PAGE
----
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Stambler, M. Pyles, R.L. (1992). Meetings of the Psychoanalytic Institute of New England, East. Psychoanal Q., 61:326-327.

(1992). Psychoanalytic Quarterly, 61:326-327

Meetings of the Psychoanalytic Institute of New England, East

Morris Stambler and Robert L. Pyles


Dr. Haynal discussed the origins of some of our concepts in psychoanalysis. The common notion that everything in treatment is transference is not something one will find in Freud, despite Freud's emphasis on the transference. Ideas relative to countertransference that are important in the British, Swiss, and French schools, and hidden ideas of object relations and intersubjectivity, are also not found in Freud. What is the origin of these ideas? Dr. Haynal traced them back to the intimate relationship between Freud and Ferenczi. The early psychoanalytic pioneers did not make a sharp distinction between the private and personal, and the psychoanalytic. For example, Ferenczi fell in love with Elma Pálos, his analysand and the daughter of Gizella Pálos, then his mistress, later to be his wife. Ferenczi pressed Freud to help him with this crisis by briefly analyzing Elma. In 1909 Freud wrote to Jung urging him not to analyze his wife because of the problem of countertransference.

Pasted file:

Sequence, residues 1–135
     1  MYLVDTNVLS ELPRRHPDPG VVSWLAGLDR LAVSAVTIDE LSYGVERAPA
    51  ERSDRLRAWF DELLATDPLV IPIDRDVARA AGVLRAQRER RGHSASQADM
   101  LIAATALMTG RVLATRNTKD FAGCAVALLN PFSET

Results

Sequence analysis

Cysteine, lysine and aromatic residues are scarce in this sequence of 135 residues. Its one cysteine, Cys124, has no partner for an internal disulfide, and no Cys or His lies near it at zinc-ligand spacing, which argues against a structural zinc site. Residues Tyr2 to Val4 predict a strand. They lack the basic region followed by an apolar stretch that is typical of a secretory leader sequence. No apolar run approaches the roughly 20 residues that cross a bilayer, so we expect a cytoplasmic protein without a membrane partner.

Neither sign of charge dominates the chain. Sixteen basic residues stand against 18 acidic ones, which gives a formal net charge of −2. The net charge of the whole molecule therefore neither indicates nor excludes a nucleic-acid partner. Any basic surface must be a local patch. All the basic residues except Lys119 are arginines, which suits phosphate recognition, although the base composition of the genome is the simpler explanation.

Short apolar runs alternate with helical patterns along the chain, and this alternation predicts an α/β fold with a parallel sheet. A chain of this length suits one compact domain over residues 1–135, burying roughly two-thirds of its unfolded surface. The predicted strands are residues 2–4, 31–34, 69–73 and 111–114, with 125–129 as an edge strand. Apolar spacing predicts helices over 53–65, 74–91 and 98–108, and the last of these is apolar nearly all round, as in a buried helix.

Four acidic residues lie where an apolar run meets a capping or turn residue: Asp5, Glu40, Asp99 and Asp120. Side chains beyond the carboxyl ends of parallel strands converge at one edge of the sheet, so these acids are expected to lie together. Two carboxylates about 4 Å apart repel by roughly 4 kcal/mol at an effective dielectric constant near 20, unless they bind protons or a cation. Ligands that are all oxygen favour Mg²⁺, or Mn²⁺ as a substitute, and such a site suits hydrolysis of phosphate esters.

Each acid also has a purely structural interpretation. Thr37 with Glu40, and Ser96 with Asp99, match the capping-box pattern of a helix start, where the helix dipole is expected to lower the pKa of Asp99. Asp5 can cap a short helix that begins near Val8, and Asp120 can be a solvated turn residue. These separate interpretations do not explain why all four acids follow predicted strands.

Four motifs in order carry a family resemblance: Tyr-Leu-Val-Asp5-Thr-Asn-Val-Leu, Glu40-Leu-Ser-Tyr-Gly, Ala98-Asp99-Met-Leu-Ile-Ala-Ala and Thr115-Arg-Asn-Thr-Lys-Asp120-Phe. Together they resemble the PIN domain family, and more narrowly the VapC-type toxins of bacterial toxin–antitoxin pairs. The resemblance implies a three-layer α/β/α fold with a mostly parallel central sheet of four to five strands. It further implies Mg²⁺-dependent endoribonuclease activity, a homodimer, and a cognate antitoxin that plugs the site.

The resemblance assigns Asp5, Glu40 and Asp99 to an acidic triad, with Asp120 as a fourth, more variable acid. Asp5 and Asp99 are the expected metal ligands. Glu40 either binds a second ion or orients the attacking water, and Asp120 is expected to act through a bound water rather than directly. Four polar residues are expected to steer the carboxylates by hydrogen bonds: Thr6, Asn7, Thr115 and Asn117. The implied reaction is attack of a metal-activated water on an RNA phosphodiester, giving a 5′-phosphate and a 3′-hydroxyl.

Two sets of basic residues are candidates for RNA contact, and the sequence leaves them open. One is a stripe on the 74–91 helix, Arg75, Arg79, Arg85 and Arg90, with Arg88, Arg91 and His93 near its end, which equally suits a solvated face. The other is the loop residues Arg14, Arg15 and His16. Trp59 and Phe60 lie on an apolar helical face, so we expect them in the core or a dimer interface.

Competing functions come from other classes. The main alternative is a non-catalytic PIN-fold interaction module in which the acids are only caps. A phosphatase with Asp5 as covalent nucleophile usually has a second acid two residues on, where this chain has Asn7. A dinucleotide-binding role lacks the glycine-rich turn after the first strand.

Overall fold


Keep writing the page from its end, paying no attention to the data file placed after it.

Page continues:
The early pioneers worked with the conviction that the analysis could be dissociated from the relationship. While Freud discovered the transference, he did not make explicit its limits, nor did he seem particularly enthusiastic about working with it. In a letter to Pfister in 1910, Freud said, "Transference is our cross to bear." He spoke of it often in his technical writings as the greatest difficulty in the treatment.

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